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Discussion in 'Politics, Religion, Social Issues' started by obeygiant, Apr 13, 2007.
I'm as much against this administration and it's "war on terror" as can be. I despise them for undermining our civil liberties, economy, science and on and on. However, that does not translate into sympathy for this character.
Sorry. He was caught. He was tried in a court of law. He was sentenced.
Even if this is the worst administration since 1900, Lindh is a traitor. He deserves everything he gets. I only wish that the Bush gang joined him in that facility after a trial for war crimes. I think their sentences should be much greater than his, considering they did much greater damage and committed much greater crimes. But Lindh, may he rot in prison. I hope he has to serve out his entire sentence - if anything, the sentence was too light.
I think Lindh definitely is a creepy character. However, I also think he was made into the poster boy for the "War on Terror". Just from what I've seen, I don't think he was as bad as he was made out to be, but I could be wrong. My feeling is that he was a kid caught up with the wrong people at the wrong time, and did some things he has grown to regret in a big way. I don't necessarily think he was inherently evil. Again, I could be wrong.
I don't understand why he is so vilified. He went to fight in a civil war in another country, something many Americans and Britons have done over the years. He was also treated abominably by the US Authorities and their stooges, and was witness to several of their atrocities. Why is there any reason to think he is "evil"? And what does that mean? The sooner everyone stops bandying around words like "evil", the sooner we will be able to talk sense with each other.
I think the fighting in the civil war is fine until you start killing American troops. Once he went after Americans (or at the very least participated in battle against the Americans), he crossed the line into treason. Would this be the Edwardian high treason demanding hanging/drawing/quartering? I don't think so. lee makes a good point that he's probably not as bad as he seems. I would suggest he's guilty of something along the lines of the petty treason, bringing the Edwardian hanging until dead.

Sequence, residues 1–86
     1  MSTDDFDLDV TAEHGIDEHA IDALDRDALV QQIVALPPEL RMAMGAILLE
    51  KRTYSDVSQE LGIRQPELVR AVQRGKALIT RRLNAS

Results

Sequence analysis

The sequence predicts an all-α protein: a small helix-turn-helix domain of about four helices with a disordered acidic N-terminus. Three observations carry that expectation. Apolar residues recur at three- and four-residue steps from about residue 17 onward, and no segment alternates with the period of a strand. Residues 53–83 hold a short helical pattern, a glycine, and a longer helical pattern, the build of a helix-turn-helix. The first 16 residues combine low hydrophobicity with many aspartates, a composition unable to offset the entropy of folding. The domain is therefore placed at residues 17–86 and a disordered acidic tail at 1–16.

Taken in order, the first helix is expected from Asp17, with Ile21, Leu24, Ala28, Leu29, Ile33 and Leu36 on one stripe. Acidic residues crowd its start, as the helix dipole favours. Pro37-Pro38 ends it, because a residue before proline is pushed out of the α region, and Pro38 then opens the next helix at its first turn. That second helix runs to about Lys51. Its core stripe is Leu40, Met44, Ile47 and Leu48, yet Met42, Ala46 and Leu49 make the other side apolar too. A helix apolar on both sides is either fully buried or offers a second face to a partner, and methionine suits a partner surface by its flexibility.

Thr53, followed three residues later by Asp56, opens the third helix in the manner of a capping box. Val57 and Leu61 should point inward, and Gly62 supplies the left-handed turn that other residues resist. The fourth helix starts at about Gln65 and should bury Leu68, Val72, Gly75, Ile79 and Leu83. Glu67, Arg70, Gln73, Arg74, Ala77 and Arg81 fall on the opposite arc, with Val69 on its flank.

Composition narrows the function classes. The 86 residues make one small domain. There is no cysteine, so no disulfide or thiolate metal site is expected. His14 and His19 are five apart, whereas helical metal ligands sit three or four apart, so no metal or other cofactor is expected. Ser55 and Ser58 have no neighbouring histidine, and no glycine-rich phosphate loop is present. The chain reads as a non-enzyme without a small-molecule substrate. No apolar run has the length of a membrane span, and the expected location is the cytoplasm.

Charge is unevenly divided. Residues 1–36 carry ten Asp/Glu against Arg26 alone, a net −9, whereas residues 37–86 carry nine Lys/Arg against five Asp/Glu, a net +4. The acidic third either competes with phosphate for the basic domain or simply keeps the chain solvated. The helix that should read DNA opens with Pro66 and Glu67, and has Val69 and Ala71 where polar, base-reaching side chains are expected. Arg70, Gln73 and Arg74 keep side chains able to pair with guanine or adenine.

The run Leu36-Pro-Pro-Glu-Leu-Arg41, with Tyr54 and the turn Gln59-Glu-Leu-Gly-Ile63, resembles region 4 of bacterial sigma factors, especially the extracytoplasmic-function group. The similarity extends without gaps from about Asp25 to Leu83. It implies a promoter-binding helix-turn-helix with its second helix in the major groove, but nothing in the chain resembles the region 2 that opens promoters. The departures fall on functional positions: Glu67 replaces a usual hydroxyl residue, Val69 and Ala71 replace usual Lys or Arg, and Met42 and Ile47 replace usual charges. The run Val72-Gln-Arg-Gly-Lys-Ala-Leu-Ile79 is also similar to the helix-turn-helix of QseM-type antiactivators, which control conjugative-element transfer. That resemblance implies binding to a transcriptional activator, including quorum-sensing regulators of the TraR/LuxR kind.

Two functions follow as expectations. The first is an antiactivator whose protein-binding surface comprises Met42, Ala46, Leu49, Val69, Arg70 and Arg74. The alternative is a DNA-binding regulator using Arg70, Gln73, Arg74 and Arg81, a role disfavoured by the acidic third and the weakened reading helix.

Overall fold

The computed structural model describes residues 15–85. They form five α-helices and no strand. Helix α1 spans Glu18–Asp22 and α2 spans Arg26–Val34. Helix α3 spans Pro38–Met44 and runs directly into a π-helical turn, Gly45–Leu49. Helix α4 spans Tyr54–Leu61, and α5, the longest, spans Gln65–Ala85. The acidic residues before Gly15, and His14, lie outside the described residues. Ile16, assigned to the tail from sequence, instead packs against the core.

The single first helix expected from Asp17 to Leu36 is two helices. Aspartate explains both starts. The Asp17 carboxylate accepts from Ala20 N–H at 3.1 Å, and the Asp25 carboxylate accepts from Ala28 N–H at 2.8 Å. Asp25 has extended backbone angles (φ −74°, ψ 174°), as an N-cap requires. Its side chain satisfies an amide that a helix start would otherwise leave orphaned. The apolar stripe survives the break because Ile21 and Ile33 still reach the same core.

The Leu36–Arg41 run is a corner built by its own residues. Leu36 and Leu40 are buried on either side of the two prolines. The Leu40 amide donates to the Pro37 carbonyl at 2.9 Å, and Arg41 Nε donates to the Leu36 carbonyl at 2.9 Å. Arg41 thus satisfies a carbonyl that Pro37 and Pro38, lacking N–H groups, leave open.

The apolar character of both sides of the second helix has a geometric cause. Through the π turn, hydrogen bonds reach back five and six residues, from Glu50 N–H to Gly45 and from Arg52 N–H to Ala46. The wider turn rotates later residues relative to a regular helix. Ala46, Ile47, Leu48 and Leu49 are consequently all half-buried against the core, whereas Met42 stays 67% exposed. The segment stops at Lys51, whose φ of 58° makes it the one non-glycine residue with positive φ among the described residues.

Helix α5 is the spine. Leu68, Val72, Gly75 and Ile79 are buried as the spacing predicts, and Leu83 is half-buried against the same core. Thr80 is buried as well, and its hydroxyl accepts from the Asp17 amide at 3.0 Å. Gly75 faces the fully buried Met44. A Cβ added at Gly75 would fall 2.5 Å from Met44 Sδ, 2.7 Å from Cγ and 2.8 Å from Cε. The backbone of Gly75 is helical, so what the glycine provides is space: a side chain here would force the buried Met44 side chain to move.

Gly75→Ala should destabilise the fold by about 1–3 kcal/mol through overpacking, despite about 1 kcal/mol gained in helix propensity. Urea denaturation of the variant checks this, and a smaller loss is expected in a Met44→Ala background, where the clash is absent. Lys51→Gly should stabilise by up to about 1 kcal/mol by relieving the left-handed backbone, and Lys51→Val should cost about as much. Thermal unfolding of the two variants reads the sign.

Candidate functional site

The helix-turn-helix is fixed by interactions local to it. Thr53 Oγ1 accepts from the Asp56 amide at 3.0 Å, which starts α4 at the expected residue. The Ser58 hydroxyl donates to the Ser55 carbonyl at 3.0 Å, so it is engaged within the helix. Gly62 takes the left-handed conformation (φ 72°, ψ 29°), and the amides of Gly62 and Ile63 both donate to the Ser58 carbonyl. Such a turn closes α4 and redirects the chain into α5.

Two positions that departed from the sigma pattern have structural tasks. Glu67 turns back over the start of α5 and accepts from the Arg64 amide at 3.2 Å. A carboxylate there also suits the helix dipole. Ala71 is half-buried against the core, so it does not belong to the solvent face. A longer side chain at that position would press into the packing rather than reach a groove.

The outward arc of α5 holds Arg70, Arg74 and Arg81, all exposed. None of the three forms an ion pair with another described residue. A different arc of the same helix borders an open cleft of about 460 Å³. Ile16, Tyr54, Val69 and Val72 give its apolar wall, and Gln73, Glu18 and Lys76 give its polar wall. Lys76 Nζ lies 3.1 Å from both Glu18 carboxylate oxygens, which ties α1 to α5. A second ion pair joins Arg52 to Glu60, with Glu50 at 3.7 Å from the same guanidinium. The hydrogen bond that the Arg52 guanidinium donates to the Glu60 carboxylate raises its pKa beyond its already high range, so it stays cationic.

The founders didn't really make the distinction, so I believe he should have been the first since the Rosenbergs. I don't think he deserves the respect that vilification affords. As with all traitors, his actions and punishment should be remembers and he should be forgotten.
I was under the impression that he was part of a specific group that did do so. When you rob a bank with a group and it is accepted by your group that you will be attacking the people there, if someone else in your group is the one pulling the trigger, it doesn't matter. You're still guilty.
Did he kill anyone? Who knows. As a foreign fighter, was he part of the uprising that resulted in deaths? Yes. Working with an organization that was actively waging war against the US was bad enough - being part of that small group that resulted in deaths should have been sufficient witness for the capital treason charge to stick.
If you are talking about the riot in Mazar-i-Sharif when hundreds of captives trapped in a courtyard were massacred by a C130 gunship and one CIA man was killed, you are being somewhat disingenuous. The behaviour of the "good guys" in the Afghan conflict was so appalling as to render any contrast with the "bad guys" - in your President's charmingly naive parlance - almost meaningless.